This isn’t about Josh Beckett. When a pitcher is throwing 94, 95, 96 with command to both sides of the plate and that curveball, no offense is going to muster anything off of him. It shouldn’t be a surprise that the Yankees were two-hit (with a walk and a barely hit-by-pitch thrown in) last night. It’ll happen over the course of 162 games, just accept it and move on to the next game.
No, this about a problem the Yankees have had since the first game of the season: the guys at the top of the lineup aren’t getting on base. Yes, it’s only been nine games, but when the two worst hitters in the lineup are getting more plate appearances than everyone else, it’s not exactly the kind of problem they should sit around and wait for it to correct itself. Brett Gardner has a measly .265 OBP, and even that is propped up by his four on-base effort in Saturday’s game. In the other eight games of the season, he’s gotten on base less than 17% of the time. He’s also struck out nine times, five times looking. A guy that made contact on nearly 92% of his swings on pitches in the zone last year can’t be staring at strike three over the plate. They teach you that in little league; it’s okay to strike out, just do it swinging.
Derek Jeter, the number two hitter against righties and leadoff man against lefties, is another matter entirely. Four out of every five balls he’s put in play this year have been on the ground, and his spray chart is even more ominous…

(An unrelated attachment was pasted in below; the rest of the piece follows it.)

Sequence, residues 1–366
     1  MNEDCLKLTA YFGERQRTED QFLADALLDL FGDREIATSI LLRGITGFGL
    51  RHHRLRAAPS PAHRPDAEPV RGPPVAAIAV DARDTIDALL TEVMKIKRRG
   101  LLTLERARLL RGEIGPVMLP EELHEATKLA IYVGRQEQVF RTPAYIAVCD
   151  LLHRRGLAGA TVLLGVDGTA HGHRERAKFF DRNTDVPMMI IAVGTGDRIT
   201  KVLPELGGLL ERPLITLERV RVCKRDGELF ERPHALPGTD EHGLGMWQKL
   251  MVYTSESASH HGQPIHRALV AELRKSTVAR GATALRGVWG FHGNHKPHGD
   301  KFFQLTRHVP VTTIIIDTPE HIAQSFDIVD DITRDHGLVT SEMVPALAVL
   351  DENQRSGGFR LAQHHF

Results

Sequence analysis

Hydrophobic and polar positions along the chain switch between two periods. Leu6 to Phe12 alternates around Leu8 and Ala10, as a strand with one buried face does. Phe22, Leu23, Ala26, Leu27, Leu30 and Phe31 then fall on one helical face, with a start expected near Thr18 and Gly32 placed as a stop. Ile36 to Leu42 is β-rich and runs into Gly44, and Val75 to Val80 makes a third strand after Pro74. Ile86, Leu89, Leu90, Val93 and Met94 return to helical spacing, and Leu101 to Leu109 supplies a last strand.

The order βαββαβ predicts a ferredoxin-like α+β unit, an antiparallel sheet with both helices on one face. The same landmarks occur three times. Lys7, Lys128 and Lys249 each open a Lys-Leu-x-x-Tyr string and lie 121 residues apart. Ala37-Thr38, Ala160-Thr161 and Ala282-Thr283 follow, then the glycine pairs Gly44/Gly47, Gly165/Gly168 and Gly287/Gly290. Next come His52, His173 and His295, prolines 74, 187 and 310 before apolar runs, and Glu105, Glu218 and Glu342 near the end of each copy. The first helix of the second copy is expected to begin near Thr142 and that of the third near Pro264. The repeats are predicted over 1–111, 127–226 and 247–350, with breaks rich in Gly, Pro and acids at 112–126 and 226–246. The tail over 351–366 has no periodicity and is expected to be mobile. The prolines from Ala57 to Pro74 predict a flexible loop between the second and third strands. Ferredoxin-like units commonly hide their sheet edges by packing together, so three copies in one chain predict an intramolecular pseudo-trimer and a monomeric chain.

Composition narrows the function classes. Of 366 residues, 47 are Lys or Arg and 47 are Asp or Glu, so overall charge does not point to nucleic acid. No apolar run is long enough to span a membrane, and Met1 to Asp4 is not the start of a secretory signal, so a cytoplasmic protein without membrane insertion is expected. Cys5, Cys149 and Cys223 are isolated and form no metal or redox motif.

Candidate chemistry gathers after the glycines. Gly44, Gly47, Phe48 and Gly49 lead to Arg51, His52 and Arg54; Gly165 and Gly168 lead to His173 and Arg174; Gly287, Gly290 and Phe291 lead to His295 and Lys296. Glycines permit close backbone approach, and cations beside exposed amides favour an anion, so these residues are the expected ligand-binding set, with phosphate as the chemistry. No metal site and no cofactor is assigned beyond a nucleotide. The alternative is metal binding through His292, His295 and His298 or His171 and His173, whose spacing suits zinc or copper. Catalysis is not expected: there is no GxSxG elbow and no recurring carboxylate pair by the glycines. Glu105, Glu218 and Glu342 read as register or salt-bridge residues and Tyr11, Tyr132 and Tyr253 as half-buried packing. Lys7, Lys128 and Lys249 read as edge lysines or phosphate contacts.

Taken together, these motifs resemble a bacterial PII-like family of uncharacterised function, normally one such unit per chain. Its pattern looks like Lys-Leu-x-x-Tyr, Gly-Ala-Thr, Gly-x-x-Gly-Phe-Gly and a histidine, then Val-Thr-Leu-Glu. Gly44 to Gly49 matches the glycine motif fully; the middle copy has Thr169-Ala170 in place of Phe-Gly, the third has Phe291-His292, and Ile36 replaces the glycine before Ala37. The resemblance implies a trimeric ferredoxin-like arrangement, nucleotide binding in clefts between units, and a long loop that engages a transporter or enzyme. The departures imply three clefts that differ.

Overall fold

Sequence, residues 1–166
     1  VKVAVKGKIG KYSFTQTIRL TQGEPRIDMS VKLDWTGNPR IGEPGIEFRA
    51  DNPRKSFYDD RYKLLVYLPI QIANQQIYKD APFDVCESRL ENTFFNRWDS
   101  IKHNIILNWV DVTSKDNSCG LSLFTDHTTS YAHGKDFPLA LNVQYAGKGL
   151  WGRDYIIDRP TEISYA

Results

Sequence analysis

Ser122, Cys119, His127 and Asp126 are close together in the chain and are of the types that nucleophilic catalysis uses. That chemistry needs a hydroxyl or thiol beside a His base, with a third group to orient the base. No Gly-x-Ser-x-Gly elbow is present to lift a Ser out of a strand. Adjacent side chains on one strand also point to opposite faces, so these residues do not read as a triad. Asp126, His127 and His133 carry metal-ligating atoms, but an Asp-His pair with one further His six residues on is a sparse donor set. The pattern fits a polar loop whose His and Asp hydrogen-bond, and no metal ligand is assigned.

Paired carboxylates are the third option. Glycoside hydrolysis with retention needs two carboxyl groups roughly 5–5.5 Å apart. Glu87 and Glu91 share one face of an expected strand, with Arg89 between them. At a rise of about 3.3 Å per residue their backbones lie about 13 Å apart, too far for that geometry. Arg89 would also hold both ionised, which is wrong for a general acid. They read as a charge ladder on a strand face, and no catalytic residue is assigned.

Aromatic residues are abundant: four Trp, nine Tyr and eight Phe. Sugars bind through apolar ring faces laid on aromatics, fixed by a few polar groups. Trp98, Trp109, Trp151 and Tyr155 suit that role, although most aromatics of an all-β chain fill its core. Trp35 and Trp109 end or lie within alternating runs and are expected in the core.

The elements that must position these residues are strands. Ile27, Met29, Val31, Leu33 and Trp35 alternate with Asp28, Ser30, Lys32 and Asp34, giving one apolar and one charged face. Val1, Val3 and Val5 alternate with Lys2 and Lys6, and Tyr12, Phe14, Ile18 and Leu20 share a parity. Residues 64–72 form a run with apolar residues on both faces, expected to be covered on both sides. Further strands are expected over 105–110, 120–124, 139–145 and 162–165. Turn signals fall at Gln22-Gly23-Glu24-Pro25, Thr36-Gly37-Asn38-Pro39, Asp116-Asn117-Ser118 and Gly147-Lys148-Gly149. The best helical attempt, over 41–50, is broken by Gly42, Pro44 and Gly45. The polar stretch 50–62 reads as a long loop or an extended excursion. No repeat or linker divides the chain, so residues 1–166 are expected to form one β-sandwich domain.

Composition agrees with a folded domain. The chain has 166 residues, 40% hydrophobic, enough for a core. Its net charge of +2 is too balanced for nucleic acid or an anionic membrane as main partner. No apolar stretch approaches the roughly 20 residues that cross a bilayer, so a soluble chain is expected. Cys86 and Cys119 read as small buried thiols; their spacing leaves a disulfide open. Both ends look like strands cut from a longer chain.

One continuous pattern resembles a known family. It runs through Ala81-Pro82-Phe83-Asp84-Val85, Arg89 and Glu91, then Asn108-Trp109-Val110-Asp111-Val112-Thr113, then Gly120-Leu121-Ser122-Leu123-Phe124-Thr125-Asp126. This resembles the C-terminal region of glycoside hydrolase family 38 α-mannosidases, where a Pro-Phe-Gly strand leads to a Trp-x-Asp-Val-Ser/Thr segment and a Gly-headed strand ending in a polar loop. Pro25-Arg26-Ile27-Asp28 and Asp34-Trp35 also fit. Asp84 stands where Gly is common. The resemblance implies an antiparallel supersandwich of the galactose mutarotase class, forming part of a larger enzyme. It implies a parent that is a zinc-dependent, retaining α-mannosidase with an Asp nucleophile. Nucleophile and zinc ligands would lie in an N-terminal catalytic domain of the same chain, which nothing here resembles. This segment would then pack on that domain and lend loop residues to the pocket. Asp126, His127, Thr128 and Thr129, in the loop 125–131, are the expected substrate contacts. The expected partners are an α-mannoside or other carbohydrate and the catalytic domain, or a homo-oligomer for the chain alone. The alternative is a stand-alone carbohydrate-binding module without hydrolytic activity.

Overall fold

There’s three balls hit moderately deep. Three out of 30 balls in play. That is a problem whether you think it’s just a small sample size slump or the death of Jeter’s career. He’s gotten on base 30% of the time in the early going, hardly top of the order production. At this point, Jeter’s spot in the batting order is determined by his iconic status and his reputation, not his ability to help the team score. It’s harsh, but that’s life yo.
Of course, it’s not just the Gardner and Jeter that are struggling. Mark Teixeira went 0-for-Boston and has gotten on base three times since last Tuesday (two walks and a hit-by-pitch against seven strikeouts in 18 plate appearances). Jorge Posada hasn’t gotten on base in any way since last Monday, striking out eight times in his 15 plate appearances since. Curtis Granderson has been basically homer-or-bust. Nick Swisher is the only non-Gardner/Jeter regular without a homer and has been on base just five times in his last 24 plate appearances. That’s a lot of slumping bats in the lineup at the same time.
The saving graces have been Alex Rodriguez, Robinson Cano, and Russell Martin on a micro level and the homers on a macro level. Some well-timed dingers have covered up for the lineup’s general ineptitude; two out of every three runs the team has scored this season has come on a homer. It’s great that they have the ability to do that, but it’s not a sustainable winning formula. The Yankees’ team .311 OBP is actually fifth worst in the league, and their .242 BABIP is second worst in all of baseball. The good news is that won’t last forever, there’s just too many talented players.
That’s something that’ll fix itself over the course of the season. In the here and now, the current arrangement with Gardner and Jeter coming to plate more often than everyone else is hurting the Yankees. It’s not my job to figure out the best solution, but you’d have to think getting Martin higher up (second?) would be one course of action. I don’t think Gardner will maintain a .238 BABIP all season, not with his speed, so at some point the hits will start dropping in. Jeter’s .233 mark probably is unsustainable as well, since ground balls go for hits more often than any other kind of ball in play other than line drives. Until those two wake up with the bat, they’re just hurting the team offensively by batting so high up.